It would be fair to say that opening in Test match cricket can be divided into two eras - pre-Sehwag and post-Sehwag. Before he came to the fore, most believed in the time-held notion that only players with certain skill could succeed in Test match cricket. All openers were expected to know where their off stump was and they were supposed to leave a lot more balls than they played. Openers were always the most conservative batsmen in the side, with the job profile clearly stated - see off the new ball, scoring rate be damned.
|While he showed encouraging signs of adapting in the first half of his career, he seems to have become a little rigid in the second half. These days he seems to be caught up in the idea of batting the way "Sehwag is expected to bat", rather than thinking about how he should bat, especially when the runs have dried up|
Sehwag rewrote the coaching manual, with a style diametrically opposed to the popular belief. He not only successfully challenged the notion of playing it safe when the ball was new, by playing aggressive cricket from the beginning, he also managed to bat in the same vein for long periods, inflicting serious damage on the opposition. That's why most of his big centuries have led to Indian victories.
The flip side to this, though, reiterates the purists' long-held point of view - that his risk-laden style of batting has also often had a negative impact on outcomes. Even when the team has needed him to bat time in order to save matches, he has rarely showed restraint. His modes of dismissal recently have got the naysayers, quite rightly, questioning his attitude: getting out to full tosses twice in Adelaide being a case in point.
Sehwag started as a middle-order batsman who could use the long handle successfully, and also bowl a few overs of offspin. His transformation to a highly successful Test opener speaks volumes about his adaptability.
In the beginning he was, at best, an average batsman against pace, but he went many a mile to improve his response to genuinely quick bowlers.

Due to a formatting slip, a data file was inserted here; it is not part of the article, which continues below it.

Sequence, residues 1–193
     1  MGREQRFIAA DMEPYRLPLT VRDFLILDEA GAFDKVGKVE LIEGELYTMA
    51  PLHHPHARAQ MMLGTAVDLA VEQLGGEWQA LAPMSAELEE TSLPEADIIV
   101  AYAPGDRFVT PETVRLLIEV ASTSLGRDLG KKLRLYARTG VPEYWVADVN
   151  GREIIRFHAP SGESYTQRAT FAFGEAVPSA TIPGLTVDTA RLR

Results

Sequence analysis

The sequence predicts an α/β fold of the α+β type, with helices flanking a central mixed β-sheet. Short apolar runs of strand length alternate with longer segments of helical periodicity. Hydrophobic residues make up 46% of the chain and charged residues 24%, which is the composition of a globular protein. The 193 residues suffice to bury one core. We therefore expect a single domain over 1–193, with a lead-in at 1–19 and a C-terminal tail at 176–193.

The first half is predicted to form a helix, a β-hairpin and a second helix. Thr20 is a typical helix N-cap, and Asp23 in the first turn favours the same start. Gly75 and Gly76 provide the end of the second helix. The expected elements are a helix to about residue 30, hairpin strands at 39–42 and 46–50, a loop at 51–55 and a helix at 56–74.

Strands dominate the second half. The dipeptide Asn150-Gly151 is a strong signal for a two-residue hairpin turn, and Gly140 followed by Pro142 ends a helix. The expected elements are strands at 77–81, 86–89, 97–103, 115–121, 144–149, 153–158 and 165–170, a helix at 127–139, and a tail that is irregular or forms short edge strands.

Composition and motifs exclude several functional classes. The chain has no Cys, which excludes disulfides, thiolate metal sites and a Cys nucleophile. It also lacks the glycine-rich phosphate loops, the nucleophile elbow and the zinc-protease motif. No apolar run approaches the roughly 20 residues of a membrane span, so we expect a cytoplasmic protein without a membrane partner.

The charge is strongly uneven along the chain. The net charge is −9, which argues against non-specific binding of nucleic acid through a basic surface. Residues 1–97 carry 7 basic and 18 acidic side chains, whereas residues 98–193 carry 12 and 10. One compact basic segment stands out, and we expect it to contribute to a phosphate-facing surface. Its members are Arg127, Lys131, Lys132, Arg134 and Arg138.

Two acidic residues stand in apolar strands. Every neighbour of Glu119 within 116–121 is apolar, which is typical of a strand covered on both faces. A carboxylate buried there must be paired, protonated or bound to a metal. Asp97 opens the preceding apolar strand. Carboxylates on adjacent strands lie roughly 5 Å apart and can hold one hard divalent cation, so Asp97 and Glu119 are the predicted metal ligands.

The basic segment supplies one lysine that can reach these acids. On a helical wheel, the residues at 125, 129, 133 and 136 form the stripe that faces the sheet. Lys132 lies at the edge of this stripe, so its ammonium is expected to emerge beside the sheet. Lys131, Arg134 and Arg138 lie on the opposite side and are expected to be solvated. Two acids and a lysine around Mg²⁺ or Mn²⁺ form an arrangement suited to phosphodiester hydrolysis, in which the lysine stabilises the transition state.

While he showed encouraging signs of adapting in the first half of his career, he seems to have become a little rigid in the second half. These days he seems to be caught up in the idea of batting the way "Sehwag is expected to bat", rather than thinking about how he should bat, especially when the runs have dried up.
He may have had the measure of bowlers around the world for a long time but if things aren't working for him anymore, shouldn't he be trying to discover other ways of succeeding? His innings in Perth in 2008, and then the century in Adelaide, showed that he could bat differently if he wanted. In those Tests, he curbed his natural instinct and seemed determined to spend time in the middle. He was making a comeback into the side and caution was the need of the hour.
That prudence, though, seems a thing of the past, for now he bats like a millionaire, despite the serious paucity of runs in his bank. Perhaps bowlers around the world have got smarter and have found ways to keep him quiet, or it may be that his eye-hand reflexes may have waned a bit. It could be anything, but finding out what and correcting it is where the challenge lies.
A great player is known for his ability to judge different playing conditions wisely against his level of skill and to adapt accordingly. Take, for instance, Tendulkar. He started as an aggressive middle-order batsman, moved seamlessly to being an aggressive opener in ODIs, and then went on to sacrifice his attacking strokeplay to provide the batting line-up with much-needed solidity. Once he was no longer required to play that role, he came back to his dominating best. Tendulkar also changed his approach a few times to get out of bad patches. It's time Sehwag took his cue from him.
It is not a bad time, in fact, for him to pull out videotapes of his own superlative innings in Melbourne in 2003. The track was damp and had a lot in it for Brett Lee and Co. to exploit. Sehwag, judging the conditions perfectly, took his time, left a lot of deliveries outside the off stump and unleashed his trademark strokes only when he was set.
The suggestion that Sehwag drop down the order may be a way to deal with the issue, though it would perhaps amount to surrendering to the challenge. A change in his batting position would inevitably make him less effective, for it is his presence at the top that doesn't allow the opposition to settle. Batting in the middle order, he may not be all that intimidating; he may continue to score lots of runs but those runs won't have the same impact on the outcome.
How Sehwag responds to his current predicament will determine whether or not he will find his way into the hall of fame. He is standing at a crossroads in his career. If he dares to take the road less travelled, he will be remembered as a genius. Else, he will continue to be a very good player, but only that.
© ESPN EMEA Ltd.